The 1950s and 1960s are called the second golden age of children's literature in English. Why was this period, coinciding with the rise of television, a particularly fertile period for children's literature? What were the cultural contexts of this phenomenon? We will consider some groundbreaking works of children's literature from this perspective, while fostering an awareness of how the same concerns and tastes were/were not shared by adult culture.
class attendance / oral presentations / short quizzes / watching assigned films / term paper
Mary Norton, The Borrowers Philippa Pearce, Tom's Midnight Garden C. S. Lewis, The Narnia Series J. R. R. Tolkien, The Hobbit Tove Jansson, Finn Family Moomintroll Handouts to be distributed in class.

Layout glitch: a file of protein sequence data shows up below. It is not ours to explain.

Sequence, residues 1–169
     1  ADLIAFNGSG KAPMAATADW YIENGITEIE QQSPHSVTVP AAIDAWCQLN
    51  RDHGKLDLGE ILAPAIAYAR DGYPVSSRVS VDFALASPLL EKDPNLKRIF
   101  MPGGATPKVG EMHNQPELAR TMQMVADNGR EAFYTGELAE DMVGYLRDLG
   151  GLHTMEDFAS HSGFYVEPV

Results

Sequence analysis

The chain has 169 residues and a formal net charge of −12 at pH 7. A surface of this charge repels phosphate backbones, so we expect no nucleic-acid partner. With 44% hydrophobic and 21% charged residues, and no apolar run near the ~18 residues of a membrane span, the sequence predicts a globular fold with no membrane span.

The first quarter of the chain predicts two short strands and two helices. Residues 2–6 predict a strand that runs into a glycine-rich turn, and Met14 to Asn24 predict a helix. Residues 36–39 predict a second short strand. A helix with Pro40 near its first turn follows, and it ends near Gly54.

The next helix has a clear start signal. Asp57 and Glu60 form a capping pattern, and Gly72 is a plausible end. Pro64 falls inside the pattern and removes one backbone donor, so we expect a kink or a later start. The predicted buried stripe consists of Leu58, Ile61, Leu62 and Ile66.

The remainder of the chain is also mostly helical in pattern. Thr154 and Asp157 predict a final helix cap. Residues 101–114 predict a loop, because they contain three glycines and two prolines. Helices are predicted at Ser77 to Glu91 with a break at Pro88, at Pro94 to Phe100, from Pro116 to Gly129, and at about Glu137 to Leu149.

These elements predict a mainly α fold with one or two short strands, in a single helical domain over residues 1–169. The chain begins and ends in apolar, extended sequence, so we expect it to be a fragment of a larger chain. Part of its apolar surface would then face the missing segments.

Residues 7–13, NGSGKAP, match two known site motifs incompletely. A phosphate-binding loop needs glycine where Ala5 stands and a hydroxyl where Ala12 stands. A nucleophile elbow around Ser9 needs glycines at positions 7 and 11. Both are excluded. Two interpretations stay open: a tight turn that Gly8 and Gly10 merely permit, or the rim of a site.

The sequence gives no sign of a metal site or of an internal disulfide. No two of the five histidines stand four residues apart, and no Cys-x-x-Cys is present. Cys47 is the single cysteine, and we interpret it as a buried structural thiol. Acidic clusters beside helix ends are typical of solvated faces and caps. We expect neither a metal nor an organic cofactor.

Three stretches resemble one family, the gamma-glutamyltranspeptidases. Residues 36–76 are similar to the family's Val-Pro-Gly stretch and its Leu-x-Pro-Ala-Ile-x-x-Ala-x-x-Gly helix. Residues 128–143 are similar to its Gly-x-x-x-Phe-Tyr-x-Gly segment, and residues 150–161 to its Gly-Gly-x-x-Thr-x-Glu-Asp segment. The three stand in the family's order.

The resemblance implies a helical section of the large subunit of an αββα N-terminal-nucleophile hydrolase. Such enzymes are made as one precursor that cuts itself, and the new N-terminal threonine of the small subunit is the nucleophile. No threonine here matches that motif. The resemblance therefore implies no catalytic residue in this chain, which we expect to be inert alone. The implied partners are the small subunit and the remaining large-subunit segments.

Humphrey Carpenter and Marie Prichard eds. The Oxford Companion to Children's Literature. OUP, 1999. Victor Watson ed. The Cambridge Guide to Children's Books in English. CUP, 2001.
Active participation in class. Preparation for presentations. Preliminary reading. The class will be conducted in English.
Introduction: Creating Alternative Worlds 1.Gulliver's Travels and Its Heirs Jonathan Swift, Gulliver's Travels Mary Norton, The Borrowers 2.The Question of Time E. Nesbit, The Story of the Amulet Philippa Pearce, Tom's Midnight Garden 3.Remythologization C. S. Lewis, The Narnia Series 4.Subcreation J. R. R. Tolkien, The Hobbit Tolkien, ‘On Fairy Tales' 5.Other Alternative World Fantasies Tove Jansson, The Moomintroll Series
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